Similarly, Schild contends that Morgenthau and White rejected the Keynes Plan and undercapitalized the International Monetary Fund (IMF) because of fears that a reluctant Congress and public might bridle at the cost of a higher American quota (p. 131). As a result, it took more than a decade after the war ended for the IMF to become truly operational.
Schild correctly highlights the importance of domestic politics in postwar planning on both the economic and security fronts. This conclusion suggests that America's internal political structure had a profoundly limiting impact on Washington's ability to do what it desired--namely, to build a peaceful and prosperous world supported by an oligarchic great power security apparatus and U.S. economic hegemony. It raises the issue of whether the United States was constitutionally unable to play the roles of world policeman and global banker adequately. Again, Schild does not examine this issue.
I do not mean to sound over-negative. My criticisms are akin to those of a choc-aholic who is upset because M&M bags are not bigger than they are. Schild offers an excellent overview of postwar planning and of the Bretton Woods and Dumbarton Oaks conferences.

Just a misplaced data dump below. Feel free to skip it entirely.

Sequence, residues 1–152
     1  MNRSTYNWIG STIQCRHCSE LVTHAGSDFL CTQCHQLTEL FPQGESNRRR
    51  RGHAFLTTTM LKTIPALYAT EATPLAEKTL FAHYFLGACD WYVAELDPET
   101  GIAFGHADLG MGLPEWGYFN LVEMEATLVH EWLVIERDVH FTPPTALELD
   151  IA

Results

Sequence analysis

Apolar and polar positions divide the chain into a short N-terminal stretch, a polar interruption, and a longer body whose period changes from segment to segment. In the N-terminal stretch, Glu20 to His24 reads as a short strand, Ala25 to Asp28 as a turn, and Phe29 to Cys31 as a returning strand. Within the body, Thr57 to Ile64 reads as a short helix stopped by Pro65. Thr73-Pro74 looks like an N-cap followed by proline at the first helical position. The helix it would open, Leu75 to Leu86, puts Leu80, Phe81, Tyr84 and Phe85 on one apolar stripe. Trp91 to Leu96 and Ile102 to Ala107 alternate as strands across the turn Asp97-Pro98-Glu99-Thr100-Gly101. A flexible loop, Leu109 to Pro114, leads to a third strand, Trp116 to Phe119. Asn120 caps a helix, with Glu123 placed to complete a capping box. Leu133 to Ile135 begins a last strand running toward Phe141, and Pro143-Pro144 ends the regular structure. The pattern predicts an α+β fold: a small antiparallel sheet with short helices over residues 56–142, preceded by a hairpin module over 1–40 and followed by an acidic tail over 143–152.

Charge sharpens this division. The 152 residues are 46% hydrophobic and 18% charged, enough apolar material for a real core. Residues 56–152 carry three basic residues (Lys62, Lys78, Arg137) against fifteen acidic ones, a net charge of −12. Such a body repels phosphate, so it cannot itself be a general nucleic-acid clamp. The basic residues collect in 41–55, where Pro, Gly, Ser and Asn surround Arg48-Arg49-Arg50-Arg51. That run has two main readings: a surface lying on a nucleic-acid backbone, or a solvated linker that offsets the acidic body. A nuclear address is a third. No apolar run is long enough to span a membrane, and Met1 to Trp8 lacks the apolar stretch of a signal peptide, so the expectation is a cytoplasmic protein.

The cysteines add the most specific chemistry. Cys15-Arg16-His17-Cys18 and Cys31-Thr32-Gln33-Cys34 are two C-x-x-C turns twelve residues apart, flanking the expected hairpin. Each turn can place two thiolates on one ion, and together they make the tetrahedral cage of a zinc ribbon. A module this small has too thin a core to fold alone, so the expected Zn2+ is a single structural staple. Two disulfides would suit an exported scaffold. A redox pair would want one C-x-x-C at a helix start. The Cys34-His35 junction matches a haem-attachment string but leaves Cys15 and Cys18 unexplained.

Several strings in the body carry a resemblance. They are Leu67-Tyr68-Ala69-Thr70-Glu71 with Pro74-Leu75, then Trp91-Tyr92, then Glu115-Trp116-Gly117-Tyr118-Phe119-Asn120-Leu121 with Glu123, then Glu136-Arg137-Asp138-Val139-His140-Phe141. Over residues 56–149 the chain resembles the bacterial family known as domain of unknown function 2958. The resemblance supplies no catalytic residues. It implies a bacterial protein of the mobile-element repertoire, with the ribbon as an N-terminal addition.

Schild makes his case. Historians have to view American postwar planning during the war in its entirety. They must recognize its economic and security components. By implication, they must also keep these two aspects in mind when they consider the emergence of the Cold War and its impact on U.S. policy. This suggests to me that we can no longer rest comfortably in the commonly held post-revisionist conclusion that security considerations were always uppermost in the thinking of U.S. policymakers and that economic considerations were always secondary (see Melvyn Leffler, A Preponderance of Power [Stanford University Press, 1992]). We have to ask the following: How and why was economic policy subordinated to security policy? Did the process by which this happened have any effect on subsequent American foreign policy during the Cold War?
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S. David Broscious. Review of Schild, Georg, Bretton Woods and Dumbarton Oaks: American Economic and Political Postwar Planning in the Summer of 1944.